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STAR TREK: DISCOVERY - S1, E2: "Battle at the Binary Stars".

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#21 Orpheus

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Posted 27 September 2017 - 10:32 PM

Could be. As I noted earlier, T'Kuvma explicitly did NOT claim it as Klingon territory, but declared that Federation borders are merely "too close to Klingon Territory" -- but that doesn't rule out prophetic or other unofficial interest by his faction or some larger group in Klingon society.

Of particular note: the way Burnham describes the "sacred ship" does not seem to match any version of Klingon technology we've seen (including this show). I'd expect a Starfleet xenoarchaeologist to recognize Klingon tech (especially Michael, given her personal history), yet it seems clearly unknown to her.

Indeed, this may answer a problem that has been nagging me: I have difficulty believing that T'Kuvma developed a cloaking technology that was so far outside the rest of Klingon tech that he loudly proclaimed his final attack as a demonstration to those who didn't believe he could make his ship invisible. He was clearly talking to the High Council. The Shenzhou had already seen this.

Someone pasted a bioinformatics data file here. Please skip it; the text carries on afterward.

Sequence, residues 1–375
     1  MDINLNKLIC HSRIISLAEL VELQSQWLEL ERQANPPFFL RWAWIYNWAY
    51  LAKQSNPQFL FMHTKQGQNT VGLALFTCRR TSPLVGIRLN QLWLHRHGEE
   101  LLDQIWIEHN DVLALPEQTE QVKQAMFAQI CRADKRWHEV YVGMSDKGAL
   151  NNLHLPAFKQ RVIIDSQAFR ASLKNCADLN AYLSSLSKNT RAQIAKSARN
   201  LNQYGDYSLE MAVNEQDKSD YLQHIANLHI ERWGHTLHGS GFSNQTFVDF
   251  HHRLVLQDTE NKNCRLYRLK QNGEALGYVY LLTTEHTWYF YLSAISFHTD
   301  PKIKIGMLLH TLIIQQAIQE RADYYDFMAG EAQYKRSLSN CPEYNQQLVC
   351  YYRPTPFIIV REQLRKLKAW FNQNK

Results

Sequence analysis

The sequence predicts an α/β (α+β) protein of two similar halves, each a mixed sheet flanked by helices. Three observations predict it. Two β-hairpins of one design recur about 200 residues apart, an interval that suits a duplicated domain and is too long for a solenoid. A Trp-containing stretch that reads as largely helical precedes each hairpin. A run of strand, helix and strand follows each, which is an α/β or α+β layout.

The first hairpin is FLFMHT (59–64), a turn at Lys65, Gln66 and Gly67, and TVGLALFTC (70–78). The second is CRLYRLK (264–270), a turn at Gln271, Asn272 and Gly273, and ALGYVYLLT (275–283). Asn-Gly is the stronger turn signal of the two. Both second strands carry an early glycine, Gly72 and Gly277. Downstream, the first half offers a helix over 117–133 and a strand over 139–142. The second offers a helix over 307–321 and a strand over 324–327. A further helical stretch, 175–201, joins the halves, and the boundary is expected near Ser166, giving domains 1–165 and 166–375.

Maybe he learned it from this (unknown alien) sacred ship. Maybe even limited import of alien tech will trigger scientific, then sociopolitical, change in the Klingon ... is it called the Empire at this point? In the Prime Timeline, there were certainly indications that the Klingons weren't always in control of their technology (the forehead change; radiation issues, the destruction of Qo'nos]

Your knowledge of Trek lore/canon greatly exceeds mine, but my impression (from TNG) is that the Boreth monastery planet had been built (and part of the Empire) centuries before TNG, and hence before this episode. I could be wrong. Or this could be what Kahless was really pointing at. Or maybe T'Kuvma believed (or wanted to believe) it was. Then again: continuity -- who knows?